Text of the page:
And you must know that your own state's conservatives just booted a sitting US Senator because he came out in favor of the bailouts.

True conservatives like producers, and despise mooches. When a business starts acting like a union, we're going to throw that business to the wolves. I'm sorry that doesn't seem to compute with you.

Edited by Just_A_Guy

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Reduce big government and you will reduce corporate power. We create huge corporations by government decision. We encourage them to take huge risks, by guaranteeing to bail them out. Meanwhile, small business only gets a small nod. Just look at what we've done in the last few years regarding the "bail out."

Reduce big government and you will reduce corporation influence. Of course, there are laws on the books against monopolies....

There's nothing illegal about being a monopoly. What is illegal is leveraging your monopoly to engage in anti-competitive practices.

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And you must know that your own state's conservatives just booted a sitting US Senator because he came out in favor of the bailouts.

They have the freedom to do that because they have taken the position to offer only oppositional talking points and thus they sit back and throw spit wads even at their own. Bennett was a conservative who acted responsibly, which violated those talking points. Even for this new crop of rabid conservatives, when Big Business comes a knockin' they will be the ones with the "Whatever You Want" welcome mats.

True conservatives like producers, and despise mooches. When a business starts acting like a union, we're going to throw that business to the wolves. I'm sorry that doesn't seem to compute with you.

I do like your thrown to the wolves imagery. Capitalism does indeed represent a wolf eat wolf world. Conservatives hitch their star to the alpha wolf and would never deny that wolf the first chance to gorge at the kill, whether it be at the market or the government treasury.

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They have the freedom to do that because they have taken the position to offer only oppositional talking points and thus they sit back and throw spit wads even at their own. Bennett was a conservative who acted responsibly, which violated those talking points.

If you equate Keynesianism as responsibility, the rest of your statement is more or less true.

If you think that the economy is a huge, complicated thing and that we (and government) run an acute risk of doing more harm than good if we tinker with it too much--you're probably a conservative, and it's the Keynesians who come across as irresponsible.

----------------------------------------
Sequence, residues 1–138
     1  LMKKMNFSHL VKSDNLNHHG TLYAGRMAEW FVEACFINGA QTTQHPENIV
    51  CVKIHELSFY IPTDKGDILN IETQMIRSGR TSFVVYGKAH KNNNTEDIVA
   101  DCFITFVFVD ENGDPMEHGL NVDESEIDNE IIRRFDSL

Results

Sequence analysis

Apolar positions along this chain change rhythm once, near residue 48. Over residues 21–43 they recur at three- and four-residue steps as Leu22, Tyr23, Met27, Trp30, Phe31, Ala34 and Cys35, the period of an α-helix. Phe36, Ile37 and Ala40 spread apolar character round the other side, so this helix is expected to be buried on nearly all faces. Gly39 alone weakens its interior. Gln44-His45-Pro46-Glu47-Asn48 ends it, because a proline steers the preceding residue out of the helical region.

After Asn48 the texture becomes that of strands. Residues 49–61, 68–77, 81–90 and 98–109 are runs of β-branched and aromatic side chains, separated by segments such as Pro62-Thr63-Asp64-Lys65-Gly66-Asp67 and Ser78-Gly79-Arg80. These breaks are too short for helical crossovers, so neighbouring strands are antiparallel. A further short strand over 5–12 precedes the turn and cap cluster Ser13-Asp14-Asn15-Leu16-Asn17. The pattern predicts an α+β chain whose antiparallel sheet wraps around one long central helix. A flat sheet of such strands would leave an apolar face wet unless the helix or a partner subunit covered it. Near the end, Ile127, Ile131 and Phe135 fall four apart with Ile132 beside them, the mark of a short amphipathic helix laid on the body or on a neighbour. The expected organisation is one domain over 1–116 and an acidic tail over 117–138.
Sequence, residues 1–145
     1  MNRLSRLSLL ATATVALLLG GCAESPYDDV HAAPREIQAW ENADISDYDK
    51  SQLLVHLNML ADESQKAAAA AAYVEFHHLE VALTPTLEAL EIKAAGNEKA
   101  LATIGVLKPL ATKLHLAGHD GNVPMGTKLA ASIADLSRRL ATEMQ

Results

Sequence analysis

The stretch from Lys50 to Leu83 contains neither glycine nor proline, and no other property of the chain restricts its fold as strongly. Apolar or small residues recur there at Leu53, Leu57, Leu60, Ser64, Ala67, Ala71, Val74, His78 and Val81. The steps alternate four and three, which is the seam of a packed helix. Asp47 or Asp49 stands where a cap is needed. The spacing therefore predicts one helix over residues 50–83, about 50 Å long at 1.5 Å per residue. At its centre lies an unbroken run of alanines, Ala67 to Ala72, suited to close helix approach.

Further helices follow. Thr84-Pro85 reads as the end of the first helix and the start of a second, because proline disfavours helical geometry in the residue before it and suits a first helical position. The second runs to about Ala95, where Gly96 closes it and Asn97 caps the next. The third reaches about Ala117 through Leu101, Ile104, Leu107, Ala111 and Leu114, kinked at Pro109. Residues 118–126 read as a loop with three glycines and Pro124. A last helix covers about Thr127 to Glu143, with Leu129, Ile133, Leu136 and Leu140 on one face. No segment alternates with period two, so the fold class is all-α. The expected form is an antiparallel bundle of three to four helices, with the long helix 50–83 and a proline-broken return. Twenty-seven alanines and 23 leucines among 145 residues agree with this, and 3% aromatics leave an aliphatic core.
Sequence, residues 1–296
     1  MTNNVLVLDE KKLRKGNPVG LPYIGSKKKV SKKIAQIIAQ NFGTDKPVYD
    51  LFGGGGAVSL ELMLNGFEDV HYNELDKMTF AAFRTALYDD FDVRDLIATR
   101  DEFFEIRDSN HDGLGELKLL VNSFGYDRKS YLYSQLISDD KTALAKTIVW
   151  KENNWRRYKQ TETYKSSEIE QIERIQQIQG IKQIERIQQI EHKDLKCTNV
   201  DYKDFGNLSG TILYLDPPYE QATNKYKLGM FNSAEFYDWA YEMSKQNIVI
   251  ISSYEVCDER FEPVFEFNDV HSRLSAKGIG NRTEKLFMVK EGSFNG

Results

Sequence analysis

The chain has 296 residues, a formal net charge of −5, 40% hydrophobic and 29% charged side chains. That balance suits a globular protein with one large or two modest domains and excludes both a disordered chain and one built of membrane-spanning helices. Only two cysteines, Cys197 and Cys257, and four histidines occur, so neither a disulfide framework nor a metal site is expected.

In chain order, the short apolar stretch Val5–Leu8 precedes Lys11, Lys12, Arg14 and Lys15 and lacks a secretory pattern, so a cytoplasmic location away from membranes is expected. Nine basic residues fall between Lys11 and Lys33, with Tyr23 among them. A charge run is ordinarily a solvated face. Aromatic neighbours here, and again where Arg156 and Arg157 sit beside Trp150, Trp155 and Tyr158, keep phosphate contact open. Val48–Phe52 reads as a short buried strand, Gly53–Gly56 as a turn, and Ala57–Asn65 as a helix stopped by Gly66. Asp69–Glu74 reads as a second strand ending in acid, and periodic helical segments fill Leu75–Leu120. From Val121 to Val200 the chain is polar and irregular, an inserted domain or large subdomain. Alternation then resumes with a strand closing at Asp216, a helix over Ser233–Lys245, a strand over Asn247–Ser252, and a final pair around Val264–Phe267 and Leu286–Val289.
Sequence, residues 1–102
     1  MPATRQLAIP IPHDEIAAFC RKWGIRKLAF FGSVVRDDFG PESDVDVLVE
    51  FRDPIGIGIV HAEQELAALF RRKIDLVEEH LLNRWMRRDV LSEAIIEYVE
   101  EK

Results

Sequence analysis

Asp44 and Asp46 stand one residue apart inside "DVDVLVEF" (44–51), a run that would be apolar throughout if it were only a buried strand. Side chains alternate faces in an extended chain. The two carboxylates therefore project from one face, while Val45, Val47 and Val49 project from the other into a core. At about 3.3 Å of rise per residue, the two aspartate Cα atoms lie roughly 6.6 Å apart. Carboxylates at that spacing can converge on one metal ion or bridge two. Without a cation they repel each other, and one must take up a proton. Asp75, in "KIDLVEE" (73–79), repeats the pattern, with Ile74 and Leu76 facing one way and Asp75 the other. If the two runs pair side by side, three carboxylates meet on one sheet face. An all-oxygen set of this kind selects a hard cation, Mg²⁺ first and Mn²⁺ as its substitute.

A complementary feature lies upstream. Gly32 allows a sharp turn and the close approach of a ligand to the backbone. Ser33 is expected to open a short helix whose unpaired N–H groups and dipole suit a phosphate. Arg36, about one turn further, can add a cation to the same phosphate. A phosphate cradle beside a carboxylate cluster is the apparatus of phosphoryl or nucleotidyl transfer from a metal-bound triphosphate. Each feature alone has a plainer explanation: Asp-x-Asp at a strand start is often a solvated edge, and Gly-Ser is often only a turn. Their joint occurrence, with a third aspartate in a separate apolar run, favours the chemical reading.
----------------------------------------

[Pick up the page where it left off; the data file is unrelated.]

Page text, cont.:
And I'd point out that what the party in power has done isn't even true Keynesianism, for two reasons. First, Keynes said that governments should reduce spending in good years, to pay off the debts incurred in the bad years (when has that ever happened)? Second, Keynes taught that government spending needs to be immediate. Last I heard, we were still trying to find a use for TARP monies that were appropriated two years ago.

At the highest level, this stimulus business has less to do with economic recovery than it does with finding excuses for public-sector growth, bureaucratic empire-building, and vote-buying. Bennett tried to surf this wave of corruption, and Utah conservatives called him on it.

Even for this new crop of rabid conservatives, when Big Business comes a knockin' they will be the ones with the "Whatever You Want" welcome mats.

Hey, yeah! When Big Business came a-knockin' the first time claiming their very survival was at stake, we told 'em to take a hike. Clearly, it was because we're a bunch of corporate shills.

I do like your thrown to the wolves imagery. Capitalism does indeed represent a wolf eat wolf world. Conservatives hitch their star to the alpha wolf and would never deny that wolf the first chance to gorge at the kill, whether it be at the market or the government treasury.

Whereas in your world, a wolf that manages to find food is kicked and driven into a cage while government distributes the spoils to a nearby pack of weasels.

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Would the "too-big-to-fail entities" drag down some other institutions that weren't directly involved? Maybe, but it's funny--I thought we had an FDIC for that. Moreover, the entities that were bailed out still had assets with long-term value that could and would have been distributed via the bankruptcy system (the bailouts were primarily for short-term cash flow).

And really, think about it. Your ideological predecessors rightly came out with antitrust legislation, on the premise that no one institution should be able to control an entire industry. If the health of the financial sector really relies on one or two key players, then you know what? Maybe it's time to go all Teddy Roosevelt on them. Maybe we should be thinking about ways to invoke antitrust legislation in order to insulate the population from the results of a failure, instead of passing a slough of new laws that are rooted in revenge and envy.